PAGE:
I suggested to MR that he should try to rule out that possibility, for starters. Of course, he has no interest in doing that and has so far put no effort at all into investigating any aspect of this sighting. Therefore, I'm glad you're willing to give it a go.
    There's no reason to be stuck on Venus. If MR had been willing to put any effort at all into conducting a basic investigation of the facts of the report, then it is conceivable that he could have ruled out Venus as a possible explanation long ago. But, MR being MR, he is not motivated to actually think about any of the cases he brings forward, let alone work on trying to solve them.

    If we can rule out Venus, great. While we're at it, we should also check other bright planets, like Mars, Jupiter and Saturn. Can we also rule those out?
    How is distance relevant? What is more important is the apparent angular size of the object in the sky. Since stars are so far away, they appear as point sources, whereas a planet like Venus appears as a disc. Nevertheless, under the right conditions, it is still quite possible for Venus to twinkle. MR, knowing nothing about this topic, claims it is impossible, but that's an empty claim from him, like all his other claims.
    As a rule of thumb it can be useful, but it's not foolproof. And it turns out it is quite often the case that fools are the ones who are likely to misinterpret things they see in the sky.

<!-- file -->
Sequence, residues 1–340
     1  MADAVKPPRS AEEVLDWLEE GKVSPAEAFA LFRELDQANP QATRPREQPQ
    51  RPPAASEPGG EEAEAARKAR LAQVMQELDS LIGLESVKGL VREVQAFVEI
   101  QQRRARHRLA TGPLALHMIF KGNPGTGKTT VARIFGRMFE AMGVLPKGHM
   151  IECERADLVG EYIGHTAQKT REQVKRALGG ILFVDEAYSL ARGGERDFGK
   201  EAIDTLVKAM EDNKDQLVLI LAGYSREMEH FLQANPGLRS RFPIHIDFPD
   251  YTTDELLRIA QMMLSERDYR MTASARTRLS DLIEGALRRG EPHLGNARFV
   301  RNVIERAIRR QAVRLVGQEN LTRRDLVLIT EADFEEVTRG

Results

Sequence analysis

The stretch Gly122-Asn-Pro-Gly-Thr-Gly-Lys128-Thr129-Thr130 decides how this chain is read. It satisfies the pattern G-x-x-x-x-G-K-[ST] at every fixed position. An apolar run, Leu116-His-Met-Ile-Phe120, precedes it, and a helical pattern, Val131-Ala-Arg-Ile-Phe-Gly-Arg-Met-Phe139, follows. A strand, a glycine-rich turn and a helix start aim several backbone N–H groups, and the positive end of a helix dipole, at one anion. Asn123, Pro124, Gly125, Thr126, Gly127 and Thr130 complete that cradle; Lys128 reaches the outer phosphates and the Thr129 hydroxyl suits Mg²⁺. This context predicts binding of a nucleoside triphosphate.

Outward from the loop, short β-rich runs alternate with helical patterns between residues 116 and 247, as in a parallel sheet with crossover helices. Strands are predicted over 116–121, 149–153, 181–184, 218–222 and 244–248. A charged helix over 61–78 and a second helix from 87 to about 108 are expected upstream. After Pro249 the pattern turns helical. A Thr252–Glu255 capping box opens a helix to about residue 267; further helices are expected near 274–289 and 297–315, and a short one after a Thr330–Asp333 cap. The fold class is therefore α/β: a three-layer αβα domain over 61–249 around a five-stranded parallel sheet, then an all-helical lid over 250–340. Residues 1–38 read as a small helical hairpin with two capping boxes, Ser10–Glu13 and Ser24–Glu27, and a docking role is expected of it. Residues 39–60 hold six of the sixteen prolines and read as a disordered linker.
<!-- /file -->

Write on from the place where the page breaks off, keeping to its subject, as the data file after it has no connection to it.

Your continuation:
It's not beside the point unless we can rule out Venus as an object that would have been visible in this particular eyewitness's field of view.
    When the sun sets, the stars are observed to come out gradually, not suddenly and all at once. As the sunset dims, the brightest objects in the sky become visible first, then the dimmer stars. So, one might initially see Venus soon after (or even before) sunset, with no stars, then see other stars "appear" nearby as the twilight dims.

    This is why Venus seems like a great explanation. At least, unless and until it can be ruled out.

    Understand?
    That's another possible explanation that has not yet been ruled out, of course.

    The point I wanted to illustrate to MR is that this UFO investigation caper requires some effort, if you want to take it seriously. So far, that point has completely flown over his head. No surprises there, though. He hasn't absorbed anything he's been told here in the past 10 years.
     
  16. sideshowbob Sorry, wrong number. Valued Senior Member

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    Not in the dark.
     
  17. foghorn Valued Senior Member

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    Date of sighting ??
    The 26th Dec seems to be the article posted on site date. Check the articles before and after on that site, they too are 26th Dec.
    See below: Date 26th Dec, but the event was 21th Dec.

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  18. DaveC426913 Valued Senior Member

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    This is the North East sky over Mount Shasta at about 20 minutes and then 10 minutes before sunset during the week of Dec 20-27th.
    (Captured from Stellarium Web online. Feel free to verify yourself.)

    Mars (one of the brightest objects in the sky) is rising at mag -1.37.
    Mars would be the only object visible at first.
    As the sky darkened, the next brightest objects would become visible:
    Capella
    (one of the brightest stars in the sky) is rising at mag 0.24.
    Aldebaran is rising at mag 1.0.
    Elnath is rising mag at 1.6.